Insurer says if it had been told about the ear infection, it would’ve charged an extra premium.
Shortly before travelling, Tom had received prolonged treatment for an ear infection. The insurer said if it had been told about this at the time, it would’ve charged Tom an extra premium.
To decide if we thought Tom’s ear infection was a significant change in health which he should’ve told his insurer about, we looked at all of the circumstances and Tom’s medical records showing what he’d been told about his ear infection by his doctor.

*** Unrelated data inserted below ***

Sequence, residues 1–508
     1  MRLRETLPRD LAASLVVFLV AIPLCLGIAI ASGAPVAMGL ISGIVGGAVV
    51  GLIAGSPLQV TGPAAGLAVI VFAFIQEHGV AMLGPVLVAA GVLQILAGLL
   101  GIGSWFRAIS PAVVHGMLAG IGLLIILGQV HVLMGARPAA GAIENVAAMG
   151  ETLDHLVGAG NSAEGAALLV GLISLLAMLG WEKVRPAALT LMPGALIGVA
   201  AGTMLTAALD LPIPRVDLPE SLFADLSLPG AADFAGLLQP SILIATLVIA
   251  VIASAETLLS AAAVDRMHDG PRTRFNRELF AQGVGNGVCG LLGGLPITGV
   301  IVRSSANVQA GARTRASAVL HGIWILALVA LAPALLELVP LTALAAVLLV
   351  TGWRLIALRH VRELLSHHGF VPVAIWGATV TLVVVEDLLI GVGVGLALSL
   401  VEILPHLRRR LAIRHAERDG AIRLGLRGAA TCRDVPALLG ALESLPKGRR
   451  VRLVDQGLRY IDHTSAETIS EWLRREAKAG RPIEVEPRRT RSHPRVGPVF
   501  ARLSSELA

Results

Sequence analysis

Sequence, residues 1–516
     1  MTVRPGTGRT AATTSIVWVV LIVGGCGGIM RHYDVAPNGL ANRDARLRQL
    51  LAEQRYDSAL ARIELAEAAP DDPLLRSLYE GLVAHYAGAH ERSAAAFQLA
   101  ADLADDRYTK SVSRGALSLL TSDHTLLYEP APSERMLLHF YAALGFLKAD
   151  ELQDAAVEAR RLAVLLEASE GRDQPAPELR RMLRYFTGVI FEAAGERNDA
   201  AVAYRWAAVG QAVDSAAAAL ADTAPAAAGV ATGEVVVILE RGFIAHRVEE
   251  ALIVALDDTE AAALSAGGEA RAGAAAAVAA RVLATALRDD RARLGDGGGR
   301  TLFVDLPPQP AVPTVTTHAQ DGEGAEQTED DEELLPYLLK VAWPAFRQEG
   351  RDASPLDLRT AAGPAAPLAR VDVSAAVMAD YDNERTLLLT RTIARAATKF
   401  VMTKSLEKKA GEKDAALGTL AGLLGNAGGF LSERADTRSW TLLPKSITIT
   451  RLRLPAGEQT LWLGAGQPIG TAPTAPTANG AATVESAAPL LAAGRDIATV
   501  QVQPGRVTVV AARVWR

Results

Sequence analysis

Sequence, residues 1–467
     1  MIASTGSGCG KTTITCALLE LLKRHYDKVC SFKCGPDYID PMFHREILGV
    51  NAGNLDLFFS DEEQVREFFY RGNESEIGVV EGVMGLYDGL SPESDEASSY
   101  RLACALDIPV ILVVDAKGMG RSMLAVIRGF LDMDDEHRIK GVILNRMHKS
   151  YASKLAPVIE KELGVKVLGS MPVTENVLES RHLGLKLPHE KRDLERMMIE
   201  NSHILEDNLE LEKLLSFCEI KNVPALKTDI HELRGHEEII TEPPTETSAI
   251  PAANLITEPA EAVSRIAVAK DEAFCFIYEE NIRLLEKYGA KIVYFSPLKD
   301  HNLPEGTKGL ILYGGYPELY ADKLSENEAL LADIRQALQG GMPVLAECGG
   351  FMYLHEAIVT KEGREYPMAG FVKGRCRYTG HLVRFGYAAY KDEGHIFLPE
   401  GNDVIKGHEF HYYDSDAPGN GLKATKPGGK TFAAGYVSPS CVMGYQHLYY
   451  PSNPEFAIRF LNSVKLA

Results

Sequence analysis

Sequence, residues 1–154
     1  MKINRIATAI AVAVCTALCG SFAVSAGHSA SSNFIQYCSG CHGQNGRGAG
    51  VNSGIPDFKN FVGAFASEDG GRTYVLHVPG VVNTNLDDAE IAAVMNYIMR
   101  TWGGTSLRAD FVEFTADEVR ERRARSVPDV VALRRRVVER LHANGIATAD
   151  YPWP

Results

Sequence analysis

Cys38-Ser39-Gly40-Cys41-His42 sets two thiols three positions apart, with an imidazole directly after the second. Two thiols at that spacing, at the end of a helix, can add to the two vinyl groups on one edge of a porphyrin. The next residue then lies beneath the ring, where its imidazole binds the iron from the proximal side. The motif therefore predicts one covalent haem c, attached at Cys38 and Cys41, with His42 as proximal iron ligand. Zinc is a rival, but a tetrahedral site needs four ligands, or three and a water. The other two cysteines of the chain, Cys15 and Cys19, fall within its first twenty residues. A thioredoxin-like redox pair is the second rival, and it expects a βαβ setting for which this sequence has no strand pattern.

How we helped
We saw that Tom had been to the doctors three times over the course of a few weeks – first receiving ear drops and then antibiotics when the infection didn’t clear up. Although the doctor noted it was a severe infection, he told Tom it was likely to clear up with general antibiotics and that he was unlikely to experience any after-effects. There was no indication that Tom was given any reason to think it might be something more serious.
Overall, we didn’t think it was fair to consider the ear infection a significant change in health which Mr T should’ve told his insurer about. So, we asked the insurer to pay the claim in full.